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The following March Sir Philip Magnus, who later gave his name to another London school, told the story:

"The school had no source from which they could obtain the necessary funds. They wrote to a number of City Guilds asking if they would assist them, and the result of that correspondence was that the City and Guilds of London Institute offered to supply them with funds so that the experiment could be well tried. They placed a certain sum of money at the disposal of the School Board, and a joint Committee was formed of representatives of the School Board and of the City and Guilds of London institute to try the experiment of introducing manual training into elementary schools. Subsequently the Drapers Company gave independent assistance to the committee of £1,000 per annum, which sum they have ever since contributed".

These thousands of pounds were well spent. By the end of the century, the government had been forced by public and educational opinion to give grants for manual instruction. Practical handbooks for teachers of manual instruction were being published. One author wrote:-

'Manual Instruction is rapidly gaining ground as a means of Education and will in the future, without doubt, take a prominent position in the curriculum of Elementary Schools in this country.'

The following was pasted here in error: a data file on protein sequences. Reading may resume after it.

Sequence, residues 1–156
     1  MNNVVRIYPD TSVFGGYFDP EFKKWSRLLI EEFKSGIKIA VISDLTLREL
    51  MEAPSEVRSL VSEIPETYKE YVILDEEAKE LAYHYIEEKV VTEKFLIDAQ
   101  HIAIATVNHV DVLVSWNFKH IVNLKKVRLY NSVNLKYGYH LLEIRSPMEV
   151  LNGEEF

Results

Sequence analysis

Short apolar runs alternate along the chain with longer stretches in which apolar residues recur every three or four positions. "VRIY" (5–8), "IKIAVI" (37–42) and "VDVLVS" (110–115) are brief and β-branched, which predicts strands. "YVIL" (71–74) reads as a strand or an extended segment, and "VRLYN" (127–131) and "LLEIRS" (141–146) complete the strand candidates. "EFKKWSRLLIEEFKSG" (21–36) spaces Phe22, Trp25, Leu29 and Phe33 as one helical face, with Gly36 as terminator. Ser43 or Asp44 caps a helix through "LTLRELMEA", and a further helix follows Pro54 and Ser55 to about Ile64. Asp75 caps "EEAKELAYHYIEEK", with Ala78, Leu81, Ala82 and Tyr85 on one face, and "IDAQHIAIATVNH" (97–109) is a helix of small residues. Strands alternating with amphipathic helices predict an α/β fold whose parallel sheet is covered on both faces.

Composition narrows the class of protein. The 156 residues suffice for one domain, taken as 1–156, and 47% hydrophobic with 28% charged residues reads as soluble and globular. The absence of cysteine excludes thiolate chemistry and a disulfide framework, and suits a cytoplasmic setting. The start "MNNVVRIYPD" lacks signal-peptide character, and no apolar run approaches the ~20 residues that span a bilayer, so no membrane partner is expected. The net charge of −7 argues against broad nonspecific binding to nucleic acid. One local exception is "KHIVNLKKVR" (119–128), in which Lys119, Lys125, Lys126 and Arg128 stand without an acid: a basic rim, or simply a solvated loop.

The 1904 report of the London School Board showed that in the period 1893 to 1903, the number of boys receiving instruction in manual training jumped from 4,340 to 55,107. The Beethoven Street experiment had been a success.

Quite soon a parallel development of Cookery/Domestic Science followed for girls.

At the same time more advanced schools for apprentices  of all sorts were developed supprted by the Guilds and the government.

After the Second World War Beethoven Street School was later closed. It became part of City of Westminster College for some years. Later the building was converted into housing and a community centre.


Blackheath School, 1906


Crawford Street, Camberwell, at a much higher level than Beethoven Street School of course.

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